PhistucK

oläst,
16 aug. 2019 13:03:522019-08-16
till J Decker, Asanka Herath, Daniel Bratell, Dominic Farolino, blink-dev
Internet Explorer can handle FTP on Windows.

PhistucK

PhistucK

oläst,
16 aug. 2019 13:05:122019-08-16
till J Decker, Asanka Herath, Daniel Bratell, Dominic Farolino, blink-dev
The Windows Explorer also seems to be able to handle FTP on Windows.

PhistucK

Chris Harrelson

oläst,
22 aug. 2019 16:41:362019-08-22
till PhistucK, J Decker, Asanka Herath, Daniel Bratell, Dominic Farolino, blink-dev
Some of the API owners (me, slightlyoff, bratell) met today and discussed this intent.

We concluded that since Chrome has already removed subresource rendering of FTP resources, and serves directory listings / downloads for non-subresources, FTP we can't see a way that FTP would still be "web-exposed", except to the extent users of Chrome (the browser) expect FTP to work, or developers expect FTP to work when linking to it. (If any one can see one please tell us.)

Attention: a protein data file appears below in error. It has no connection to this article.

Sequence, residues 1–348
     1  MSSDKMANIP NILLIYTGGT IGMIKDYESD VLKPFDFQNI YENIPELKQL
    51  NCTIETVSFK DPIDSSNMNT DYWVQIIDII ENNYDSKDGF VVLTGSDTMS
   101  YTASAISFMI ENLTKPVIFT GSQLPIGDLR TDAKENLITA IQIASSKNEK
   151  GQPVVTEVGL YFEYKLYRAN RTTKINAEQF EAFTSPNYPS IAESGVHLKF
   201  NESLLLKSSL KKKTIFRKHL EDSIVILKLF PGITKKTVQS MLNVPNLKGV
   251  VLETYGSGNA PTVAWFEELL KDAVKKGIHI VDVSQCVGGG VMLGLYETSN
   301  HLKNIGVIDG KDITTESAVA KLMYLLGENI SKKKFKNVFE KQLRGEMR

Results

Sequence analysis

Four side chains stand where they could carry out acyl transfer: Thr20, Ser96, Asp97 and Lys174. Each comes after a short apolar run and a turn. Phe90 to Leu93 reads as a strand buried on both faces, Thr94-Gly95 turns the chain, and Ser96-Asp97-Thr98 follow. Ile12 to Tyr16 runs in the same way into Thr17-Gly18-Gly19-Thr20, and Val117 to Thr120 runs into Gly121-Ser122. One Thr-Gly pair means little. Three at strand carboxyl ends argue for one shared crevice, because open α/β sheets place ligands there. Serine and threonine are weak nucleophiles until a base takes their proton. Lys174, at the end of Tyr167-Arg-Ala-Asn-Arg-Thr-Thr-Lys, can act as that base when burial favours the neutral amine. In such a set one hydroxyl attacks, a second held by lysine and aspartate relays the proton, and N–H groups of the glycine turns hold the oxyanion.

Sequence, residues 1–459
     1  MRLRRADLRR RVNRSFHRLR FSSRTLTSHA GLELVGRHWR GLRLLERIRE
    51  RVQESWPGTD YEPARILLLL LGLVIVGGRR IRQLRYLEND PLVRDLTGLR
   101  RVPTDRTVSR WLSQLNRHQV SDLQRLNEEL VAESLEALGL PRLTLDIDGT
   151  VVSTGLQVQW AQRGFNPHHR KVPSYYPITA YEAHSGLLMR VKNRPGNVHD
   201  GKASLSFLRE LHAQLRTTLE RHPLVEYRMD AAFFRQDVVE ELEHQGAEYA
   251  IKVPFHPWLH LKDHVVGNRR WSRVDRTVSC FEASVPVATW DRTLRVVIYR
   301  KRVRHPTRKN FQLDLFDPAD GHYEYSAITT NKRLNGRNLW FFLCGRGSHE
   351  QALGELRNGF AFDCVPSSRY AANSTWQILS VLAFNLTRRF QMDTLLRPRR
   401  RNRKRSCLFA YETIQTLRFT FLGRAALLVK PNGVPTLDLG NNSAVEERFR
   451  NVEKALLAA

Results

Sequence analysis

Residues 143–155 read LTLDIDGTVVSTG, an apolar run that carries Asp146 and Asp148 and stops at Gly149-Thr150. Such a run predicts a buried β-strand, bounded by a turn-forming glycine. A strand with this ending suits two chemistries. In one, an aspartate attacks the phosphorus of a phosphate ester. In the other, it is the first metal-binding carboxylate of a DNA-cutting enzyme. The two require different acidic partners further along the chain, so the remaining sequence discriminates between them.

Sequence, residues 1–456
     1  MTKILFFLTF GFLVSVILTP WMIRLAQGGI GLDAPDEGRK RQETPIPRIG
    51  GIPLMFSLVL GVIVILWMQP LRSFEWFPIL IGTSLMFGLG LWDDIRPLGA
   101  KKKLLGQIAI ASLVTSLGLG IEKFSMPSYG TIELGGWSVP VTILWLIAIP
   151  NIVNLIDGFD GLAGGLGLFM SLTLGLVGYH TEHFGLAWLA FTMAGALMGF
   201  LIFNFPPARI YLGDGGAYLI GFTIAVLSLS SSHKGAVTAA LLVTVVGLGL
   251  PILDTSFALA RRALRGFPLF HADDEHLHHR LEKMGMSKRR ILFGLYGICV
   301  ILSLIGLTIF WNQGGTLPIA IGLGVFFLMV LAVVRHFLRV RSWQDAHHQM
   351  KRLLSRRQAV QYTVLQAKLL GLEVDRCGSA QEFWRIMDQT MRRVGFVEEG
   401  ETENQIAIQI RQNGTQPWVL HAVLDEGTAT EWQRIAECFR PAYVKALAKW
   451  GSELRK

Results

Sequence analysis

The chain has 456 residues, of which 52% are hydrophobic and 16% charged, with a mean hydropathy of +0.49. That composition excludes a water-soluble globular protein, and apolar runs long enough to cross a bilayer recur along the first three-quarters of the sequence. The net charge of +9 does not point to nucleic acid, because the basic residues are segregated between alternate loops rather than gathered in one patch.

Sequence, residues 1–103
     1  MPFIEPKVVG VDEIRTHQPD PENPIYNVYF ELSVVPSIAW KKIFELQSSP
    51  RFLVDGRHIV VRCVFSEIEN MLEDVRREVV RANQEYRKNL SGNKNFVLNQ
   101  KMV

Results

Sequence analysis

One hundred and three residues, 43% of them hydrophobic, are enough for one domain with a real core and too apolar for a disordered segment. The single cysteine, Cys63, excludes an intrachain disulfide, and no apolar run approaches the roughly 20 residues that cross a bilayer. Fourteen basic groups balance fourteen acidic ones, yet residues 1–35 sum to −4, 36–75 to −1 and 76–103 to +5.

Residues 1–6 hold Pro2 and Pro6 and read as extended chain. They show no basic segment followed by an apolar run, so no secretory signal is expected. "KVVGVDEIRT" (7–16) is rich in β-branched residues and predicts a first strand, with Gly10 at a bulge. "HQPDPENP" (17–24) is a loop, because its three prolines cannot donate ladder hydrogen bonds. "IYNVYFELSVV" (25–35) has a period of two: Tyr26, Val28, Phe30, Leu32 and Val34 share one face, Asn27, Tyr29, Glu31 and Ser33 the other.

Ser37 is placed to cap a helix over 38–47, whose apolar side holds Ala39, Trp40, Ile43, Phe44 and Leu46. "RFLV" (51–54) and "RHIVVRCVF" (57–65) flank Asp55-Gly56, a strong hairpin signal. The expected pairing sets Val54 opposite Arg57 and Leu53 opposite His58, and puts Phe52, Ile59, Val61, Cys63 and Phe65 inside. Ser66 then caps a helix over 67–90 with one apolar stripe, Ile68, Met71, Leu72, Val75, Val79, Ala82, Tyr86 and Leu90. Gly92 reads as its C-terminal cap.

Therefore we concluded this intent does not require any LGTMs from us.

However, we did agree that it would be a good idea for Chrome to make FTP fallback to alternate applications as seamless as possible, and provide clear messaging when that is not. We thought about Android in particular (since Windows was covered on this thread) -- presumably FTP apps on that platform can capture those URLs via intents, and if there is none installed it would be nice for Chrome to suggest installing one.

Chris

Chris Palmer

oläst,
23 aug. 2019 13:49:062019-08-23
till blink-dev, phis...@gmail.com, d3c...@gmail.com, asa...@chromium.org, bra...@opera.com, d...@chromium.org